A City for All Seasons
When it comes to Winnipeg, it’s always a great time to visit!
Sure, Winnipeg’s winters may be legendary for the cold, but it’s also the hottest time to host your meeting or convention as our arts, culture, design and theatre seasons are in full bloom.
From November through March, when your delegates have a free evening, they can take in multiple shows from performances groups including the Royal Manitoba Theatre Centre – who stage plays at both the John Hirsh Mainstage and the more intimate Tom Hendry Warehouse; Prairie Theatre Exchange – who have a great little venue atop of Portage Place; Theatre Projects Manitoba – whose often provocative performances are housed at the cozy Rachel Browne Theatre; and en français avec Le Cercle Moliere – Canada’s oldest continuously running theatre company.
On top of that, your delegate’s senses can feast on performances from Canada’s Royal Winnipeg Ballet and Winnipeg Symphony Orchestra (whose ground-breaking New Music Festival (January 27-Feburary 2) is a can’t-miss – particularly this year with headliner Philip Glass, while at pretty much every club, bar and venue downtown you can catch some sort of up-and-coming local or headlining touring band.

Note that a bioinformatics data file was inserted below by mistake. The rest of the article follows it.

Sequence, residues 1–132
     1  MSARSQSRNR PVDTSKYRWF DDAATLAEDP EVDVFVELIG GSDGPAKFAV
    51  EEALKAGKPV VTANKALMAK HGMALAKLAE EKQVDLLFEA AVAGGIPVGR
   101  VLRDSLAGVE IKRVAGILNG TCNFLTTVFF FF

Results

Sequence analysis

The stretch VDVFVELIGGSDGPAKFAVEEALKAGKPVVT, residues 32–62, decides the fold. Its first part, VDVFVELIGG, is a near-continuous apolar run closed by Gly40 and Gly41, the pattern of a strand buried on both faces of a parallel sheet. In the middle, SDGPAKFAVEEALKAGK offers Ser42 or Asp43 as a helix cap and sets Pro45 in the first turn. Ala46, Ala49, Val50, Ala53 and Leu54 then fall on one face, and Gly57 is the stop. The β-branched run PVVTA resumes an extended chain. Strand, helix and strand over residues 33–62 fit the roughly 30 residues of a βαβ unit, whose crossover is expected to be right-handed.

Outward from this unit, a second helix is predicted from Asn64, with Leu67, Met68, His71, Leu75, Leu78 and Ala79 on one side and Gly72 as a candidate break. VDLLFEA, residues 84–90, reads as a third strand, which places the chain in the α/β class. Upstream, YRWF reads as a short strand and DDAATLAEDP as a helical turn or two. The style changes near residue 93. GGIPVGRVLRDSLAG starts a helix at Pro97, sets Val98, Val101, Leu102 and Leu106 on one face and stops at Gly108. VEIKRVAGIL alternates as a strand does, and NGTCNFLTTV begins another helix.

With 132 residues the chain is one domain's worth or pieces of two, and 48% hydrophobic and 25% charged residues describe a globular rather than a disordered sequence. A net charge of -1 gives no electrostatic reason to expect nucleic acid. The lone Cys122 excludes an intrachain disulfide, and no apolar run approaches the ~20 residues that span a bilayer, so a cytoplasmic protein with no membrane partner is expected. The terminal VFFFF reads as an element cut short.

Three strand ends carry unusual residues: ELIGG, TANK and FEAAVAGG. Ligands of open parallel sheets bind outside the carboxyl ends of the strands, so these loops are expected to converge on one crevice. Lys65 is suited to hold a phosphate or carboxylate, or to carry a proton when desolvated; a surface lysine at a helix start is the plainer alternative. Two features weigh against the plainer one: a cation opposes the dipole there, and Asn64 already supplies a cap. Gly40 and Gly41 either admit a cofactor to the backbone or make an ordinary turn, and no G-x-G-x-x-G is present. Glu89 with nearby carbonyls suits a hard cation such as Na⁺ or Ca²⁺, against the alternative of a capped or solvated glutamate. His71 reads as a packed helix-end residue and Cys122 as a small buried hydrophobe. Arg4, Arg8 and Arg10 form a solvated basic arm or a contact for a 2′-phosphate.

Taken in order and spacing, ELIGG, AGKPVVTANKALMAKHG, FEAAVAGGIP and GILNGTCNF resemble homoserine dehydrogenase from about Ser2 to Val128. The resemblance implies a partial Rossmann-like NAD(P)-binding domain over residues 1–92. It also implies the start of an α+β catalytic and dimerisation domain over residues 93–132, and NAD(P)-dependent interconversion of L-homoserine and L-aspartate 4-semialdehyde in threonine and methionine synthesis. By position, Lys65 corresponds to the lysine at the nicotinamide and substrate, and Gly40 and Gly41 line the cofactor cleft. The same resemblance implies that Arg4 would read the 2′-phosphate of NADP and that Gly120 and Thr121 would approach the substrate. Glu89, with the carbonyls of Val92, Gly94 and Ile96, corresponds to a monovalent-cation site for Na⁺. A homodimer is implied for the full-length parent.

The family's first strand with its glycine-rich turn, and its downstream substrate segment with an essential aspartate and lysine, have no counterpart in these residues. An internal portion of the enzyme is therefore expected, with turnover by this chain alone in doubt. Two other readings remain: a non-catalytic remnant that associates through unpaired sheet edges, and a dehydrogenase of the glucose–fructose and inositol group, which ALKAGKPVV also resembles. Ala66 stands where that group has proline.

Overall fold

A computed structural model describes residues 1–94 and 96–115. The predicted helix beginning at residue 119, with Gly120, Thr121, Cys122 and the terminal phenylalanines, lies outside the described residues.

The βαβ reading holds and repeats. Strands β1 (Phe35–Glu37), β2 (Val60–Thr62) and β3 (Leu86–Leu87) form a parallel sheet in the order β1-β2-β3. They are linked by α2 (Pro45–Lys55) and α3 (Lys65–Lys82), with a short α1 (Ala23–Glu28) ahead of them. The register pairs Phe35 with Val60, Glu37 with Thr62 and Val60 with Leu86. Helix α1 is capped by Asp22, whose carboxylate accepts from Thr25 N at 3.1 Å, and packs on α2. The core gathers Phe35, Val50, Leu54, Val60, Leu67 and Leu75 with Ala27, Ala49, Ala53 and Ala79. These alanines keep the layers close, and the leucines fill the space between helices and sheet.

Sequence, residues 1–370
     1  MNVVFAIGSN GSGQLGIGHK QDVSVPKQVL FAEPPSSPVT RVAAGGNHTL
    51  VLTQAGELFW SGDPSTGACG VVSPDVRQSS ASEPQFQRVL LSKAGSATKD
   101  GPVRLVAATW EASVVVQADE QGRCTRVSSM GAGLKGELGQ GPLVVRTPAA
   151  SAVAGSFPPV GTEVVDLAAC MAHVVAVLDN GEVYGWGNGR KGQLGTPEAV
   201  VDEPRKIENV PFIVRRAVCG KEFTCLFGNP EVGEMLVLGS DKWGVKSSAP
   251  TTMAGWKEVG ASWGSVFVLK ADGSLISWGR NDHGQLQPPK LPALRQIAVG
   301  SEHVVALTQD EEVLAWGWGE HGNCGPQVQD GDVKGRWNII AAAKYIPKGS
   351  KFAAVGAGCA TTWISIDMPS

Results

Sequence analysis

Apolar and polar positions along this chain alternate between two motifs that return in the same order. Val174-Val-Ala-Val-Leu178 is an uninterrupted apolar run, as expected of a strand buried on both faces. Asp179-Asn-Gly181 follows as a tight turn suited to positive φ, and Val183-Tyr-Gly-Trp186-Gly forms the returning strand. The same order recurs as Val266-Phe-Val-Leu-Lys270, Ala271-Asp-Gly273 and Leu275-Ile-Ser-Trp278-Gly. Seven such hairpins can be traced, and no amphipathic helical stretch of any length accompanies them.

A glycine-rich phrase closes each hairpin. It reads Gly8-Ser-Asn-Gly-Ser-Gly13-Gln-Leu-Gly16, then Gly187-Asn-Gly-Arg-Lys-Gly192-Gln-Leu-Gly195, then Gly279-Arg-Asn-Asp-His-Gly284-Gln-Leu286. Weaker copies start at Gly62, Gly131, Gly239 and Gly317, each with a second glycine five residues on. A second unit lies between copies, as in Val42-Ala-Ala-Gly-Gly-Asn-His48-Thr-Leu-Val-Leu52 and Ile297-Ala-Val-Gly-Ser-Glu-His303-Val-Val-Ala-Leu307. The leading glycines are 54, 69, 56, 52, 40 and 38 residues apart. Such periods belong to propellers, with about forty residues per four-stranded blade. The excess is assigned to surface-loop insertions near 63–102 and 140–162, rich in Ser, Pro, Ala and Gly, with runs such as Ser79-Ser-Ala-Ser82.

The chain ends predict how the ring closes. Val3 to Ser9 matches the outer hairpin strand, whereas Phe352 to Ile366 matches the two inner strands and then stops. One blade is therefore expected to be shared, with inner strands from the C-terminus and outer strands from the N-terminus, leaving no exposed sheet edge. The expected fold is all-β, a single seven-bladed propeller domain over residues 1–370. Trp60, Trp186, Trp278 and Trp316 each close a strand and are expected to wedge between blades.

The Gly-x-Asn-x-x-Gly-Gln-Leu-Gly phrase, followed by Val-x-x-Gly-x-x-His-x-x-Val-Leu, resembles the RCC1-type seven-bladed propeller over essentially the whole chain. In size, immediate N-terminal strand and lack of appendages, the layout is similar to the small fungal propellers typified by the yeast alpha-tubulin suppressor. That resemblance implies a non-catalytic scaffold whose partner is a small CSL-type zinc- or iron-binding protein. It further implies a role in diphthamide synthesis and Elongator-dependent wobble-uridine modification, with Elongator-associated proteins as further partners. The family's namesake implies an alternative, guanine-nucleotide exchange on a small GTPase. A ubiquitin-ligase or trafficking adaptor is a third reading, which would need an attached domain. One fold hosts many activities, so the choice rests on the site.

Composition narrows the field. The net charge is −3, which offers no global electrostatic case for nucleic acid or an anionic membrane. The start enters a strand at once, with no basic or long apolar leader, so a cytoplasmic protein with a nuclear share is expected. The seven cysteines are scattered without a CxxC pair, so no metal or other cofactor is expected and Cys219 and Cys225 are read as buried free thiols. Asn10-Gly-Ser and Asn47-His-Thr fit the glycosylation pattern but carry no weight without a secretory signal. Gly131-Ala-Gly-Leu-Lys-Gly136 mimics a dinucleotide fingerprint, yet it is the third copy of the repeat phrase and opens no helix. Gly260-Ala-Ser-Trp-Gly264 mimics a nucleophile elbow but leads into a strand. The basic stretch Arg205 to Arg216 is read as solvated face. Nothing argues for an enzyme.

Of course, the hottest action during a Winnipeg winter can be found at The Forks, where thousands of skaters (with rentals available in The Forks Market) take to the Red River Mutual Trail. The Trail is one of the world’s longest skating surfaces, stretching out for kilometres across the Red and Assiniboine Rivers. It features dozens of Warming Huts, the majority of which were created by some of the world’s leading architects and designers. There’s truly nothing else like it across the globe.
Should your conference be taking place in February, there is also the opportunity to attend Festival du Voyageur (February 16-25), western Canada’s largest winter festival. For 10 days FDV brings the fur trade era of the 18th century back to life via costumed interpreters within the walls of Fort Gibraltar, while numerous massive party tents host live music, decadent French food, and more merriment than you thought possible.
Spring in the prairies can be a rather slushy affair, which makes it a prime time to discover our great indoors.
While the aforementioned (see Winter section) theatre season remains in full swing, there’s also some excellent programming to be found at some of our cultural institutions.